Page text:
Until this spring we haven’t had much precipitation in Toronto. In fact, it’s been several years with hardly any snow or rain. But although we had another mild winter this year, we have had more than our fair share of rain — too much, in fact; and it’s caused havoc. Not good.
Just the other day, though, I looked around and realized how gorgeous and healthy the trees, flowers and grass are looking. So clearly Mother Nature has enjoyed the dousing, even if the rest of us have not.
All our luxuriant foliage made me think back to my trip to India — and Kerala, in particular. Kerala is in the South, on India’s tropical Malabar Coast. It’s been nicknamed God’s Own Country and if you’re ever lucky enough to go, you’ll understand why.
Home to rice paddies, magnificent flowers of every description and coffee, tea, spice, coconut, cashew and rubber plantations Kerala is beautiful, lush, colourful and also boasts the highest literacy rate in all of India.
Sorry if my photo of a woman picking tea leaves is out of focus — I took it as we were whizing by in a car. It’s quite a sight to behold — all the brightly-colored saris and head coverings among the hundreds and hundreds of rows of bright green tea leaves.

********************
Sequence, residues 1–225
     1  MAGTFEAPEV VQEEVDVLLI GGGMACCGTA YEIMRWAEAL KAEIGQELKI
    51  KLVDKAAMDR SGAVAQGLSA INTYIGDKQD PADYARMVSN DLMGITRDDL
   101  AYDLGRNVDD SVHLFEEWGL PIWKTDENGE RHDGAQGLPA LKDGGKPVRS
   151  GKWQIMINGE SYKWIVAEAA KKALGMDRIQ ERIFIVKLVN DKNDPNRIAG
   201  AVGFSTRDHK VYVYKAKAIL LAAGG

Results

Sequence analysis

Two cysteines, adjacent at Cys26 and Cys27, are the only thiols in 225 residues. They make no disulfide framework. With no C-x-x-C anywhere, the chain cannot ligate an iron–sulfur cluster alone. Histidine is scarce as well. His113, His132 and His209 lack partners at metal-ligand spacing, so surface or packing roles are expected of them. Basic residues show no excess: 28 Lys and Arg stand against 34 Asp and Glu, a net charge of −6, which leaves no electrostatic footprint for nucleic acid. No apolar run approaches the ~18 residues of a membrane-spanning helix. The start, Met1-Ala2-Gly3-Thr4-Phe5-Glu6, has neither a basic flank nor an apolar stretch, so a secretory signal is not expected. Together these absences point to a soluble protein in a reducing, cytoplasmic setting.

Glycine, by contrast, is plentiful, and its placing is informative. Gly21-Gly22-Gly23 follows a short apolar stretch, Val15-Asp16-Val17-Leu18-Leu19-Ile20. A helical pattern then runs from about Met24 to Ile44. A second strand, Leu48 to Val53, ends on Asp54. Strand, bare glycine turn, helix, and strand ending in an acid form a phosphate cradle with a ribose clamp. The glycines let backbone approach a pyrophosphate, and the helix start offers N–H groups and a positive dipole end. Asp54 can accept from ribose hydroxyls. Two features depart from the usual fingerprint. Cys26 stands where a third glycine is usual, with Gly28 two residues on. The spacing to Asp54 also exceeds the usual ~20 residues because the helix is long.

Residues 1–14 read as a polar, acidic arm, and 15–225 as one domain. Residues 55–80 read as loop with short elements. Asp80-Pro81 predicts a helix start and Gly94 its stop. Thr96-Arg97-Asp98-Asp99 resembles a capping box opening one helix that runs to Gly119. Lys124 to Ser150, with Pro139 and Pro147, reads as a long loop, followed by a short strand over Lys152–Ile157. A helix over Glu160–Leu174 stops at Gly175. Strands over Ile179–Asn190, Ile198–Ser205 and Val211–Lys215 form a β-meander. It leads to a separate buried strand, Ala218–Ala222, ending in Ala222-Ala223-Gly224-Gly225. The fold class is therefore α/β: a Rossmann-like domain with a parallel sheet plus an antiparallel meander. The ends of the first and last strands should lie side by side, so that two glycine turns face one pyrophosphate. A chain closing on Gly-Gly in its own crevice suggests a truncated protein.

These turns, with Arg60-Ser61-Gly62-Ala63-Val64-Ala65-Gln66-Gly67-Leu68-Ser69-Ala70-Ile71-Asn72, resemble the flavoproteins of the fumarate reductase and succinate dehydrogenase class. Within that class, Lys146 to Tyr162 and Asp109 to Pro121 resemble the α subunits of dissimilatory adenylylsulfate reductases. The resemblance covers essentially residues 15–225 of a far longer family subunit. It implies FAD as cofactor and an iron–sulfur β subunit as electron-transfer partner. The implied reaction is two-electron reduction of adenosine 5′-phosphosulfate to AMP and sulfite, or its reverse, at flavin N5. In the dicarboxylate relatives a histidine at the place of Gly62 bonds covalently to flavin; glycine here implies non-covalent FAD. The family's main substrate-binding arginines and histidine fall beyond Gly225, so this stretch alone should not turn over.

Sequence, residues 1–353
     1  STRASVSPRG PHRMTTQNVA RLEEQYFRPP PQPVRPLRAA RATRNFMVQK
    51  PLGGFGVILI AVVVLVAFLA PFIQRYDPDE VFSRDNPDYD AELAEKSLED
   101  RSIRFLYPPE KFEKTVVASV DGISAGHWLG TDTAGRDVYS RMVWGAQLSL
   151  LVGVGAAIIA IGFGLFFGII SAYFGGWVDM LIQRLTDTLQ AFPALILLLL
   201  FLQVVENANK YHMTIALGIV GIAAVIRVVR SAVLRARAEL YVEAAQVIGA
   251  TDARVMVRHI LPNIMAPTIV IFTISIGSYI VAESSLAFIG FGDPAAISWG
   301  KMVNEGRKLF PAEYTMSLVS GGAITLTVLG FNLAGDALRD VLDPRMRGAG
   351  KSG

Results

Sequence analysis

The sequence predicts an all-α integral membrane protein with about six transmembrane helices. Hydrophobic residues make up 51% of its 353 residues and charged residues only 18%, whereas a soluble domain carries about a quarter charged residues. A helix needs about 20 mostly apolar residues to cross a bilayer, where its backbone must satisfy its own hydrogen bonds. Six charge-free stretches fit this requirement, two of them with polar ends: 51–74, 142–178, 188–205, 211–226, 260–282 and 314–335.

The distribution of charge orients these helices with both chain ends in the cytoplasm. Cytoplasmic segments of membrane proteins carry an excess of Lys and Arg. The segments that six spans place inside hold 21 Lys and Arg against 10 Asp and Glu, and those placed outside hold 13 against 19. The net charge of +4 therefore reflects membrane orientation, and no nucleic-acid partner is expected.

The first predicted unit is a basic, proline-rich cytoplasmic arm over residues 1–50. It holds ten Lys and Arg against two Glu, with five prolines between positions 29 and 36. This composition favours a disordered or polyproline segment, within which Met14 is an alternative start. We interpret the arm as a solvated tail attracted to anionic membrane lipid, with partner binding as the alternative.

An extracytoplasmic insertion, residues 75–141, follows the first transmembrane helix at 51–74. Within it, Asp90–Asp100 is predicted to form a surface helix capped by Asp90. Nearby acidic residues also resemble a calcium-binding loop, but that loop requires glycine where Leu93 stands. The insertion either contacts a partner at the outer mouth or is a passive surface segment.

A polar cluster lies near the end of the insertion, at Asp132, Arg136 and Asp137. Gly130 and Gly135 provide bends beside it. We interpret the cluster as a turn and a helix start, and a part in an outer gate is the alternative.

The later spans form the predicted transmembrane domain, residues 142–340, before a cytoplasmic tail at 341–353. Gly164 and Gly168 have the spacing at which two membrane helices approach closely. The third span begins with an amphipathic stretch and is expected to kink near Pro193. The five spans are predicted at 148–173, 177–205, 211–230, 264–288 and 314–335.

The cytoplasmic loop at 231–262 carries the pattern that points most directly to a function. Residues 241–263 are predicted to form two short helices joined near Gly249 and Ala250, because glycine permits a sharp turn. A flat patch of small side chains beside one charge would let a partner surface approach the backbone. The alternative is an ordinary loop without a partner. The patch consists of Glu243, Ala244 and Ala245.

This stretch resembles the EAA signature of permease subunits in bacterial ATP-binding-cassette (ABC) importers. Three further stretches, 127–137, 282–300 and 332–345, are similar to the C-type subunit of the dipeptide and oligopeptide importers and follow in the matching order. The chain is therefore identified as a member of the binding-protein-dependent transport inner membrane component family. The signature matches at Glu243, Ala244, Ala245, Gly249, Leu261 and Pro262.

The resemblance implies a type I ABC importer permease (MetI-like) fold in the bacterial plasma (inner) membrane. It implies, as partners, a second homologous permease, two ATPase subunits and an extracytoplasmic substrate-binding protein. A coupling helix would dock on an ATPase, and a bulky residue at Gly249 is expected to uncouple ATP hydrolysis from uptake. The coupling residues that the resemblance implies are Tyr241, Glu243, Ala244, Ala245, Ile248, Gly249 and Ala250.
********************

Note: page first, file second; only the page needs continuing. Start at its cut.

Now that I think about it, I never saw a man doing this job. You also see a lot of women doing road construction work everywhere in India. Certainly not what we’re used to. A story for another blog post perhaps.
While in the South, in addition to spending one night in a fabulous hotel on Willingdon Island, we also stayed at both a spice plantation and a tea plantation. All the natural beauty that surrounded us had me reaching for my camera constantly.
The food is spectacular and also quite different from the rest of the country. Curries include coconut and pineapple and for fish and seafood lovers, like me, it’s paradise. On our first day there we took an overnight cruise of the backwaters and, at lunch, we ate the largest prawn I’ve ever seen. They were the size of a lobster, I kid you not.
What I also noticed was how different the pace is, in the South. Everywhere else we visited was frenetic. Huge crowds, noise, dust, an almost blinding array of colours, textures and patterns, traffic jams, honking horns — it’s a fabulous, mind-numbing, life-affirming assault on your senses.
And abruptly, the minute you arrive in Kerala, all that activity and craziness comes to a grinding halt. Life becomes slow and languorous. Calm and serene. Everything sparkles and it’s as if the entire country suddenly stands still, takes a much-needed breath and utters a collective “Ahhhhhhh …”
It is definitely the pause that refreshes.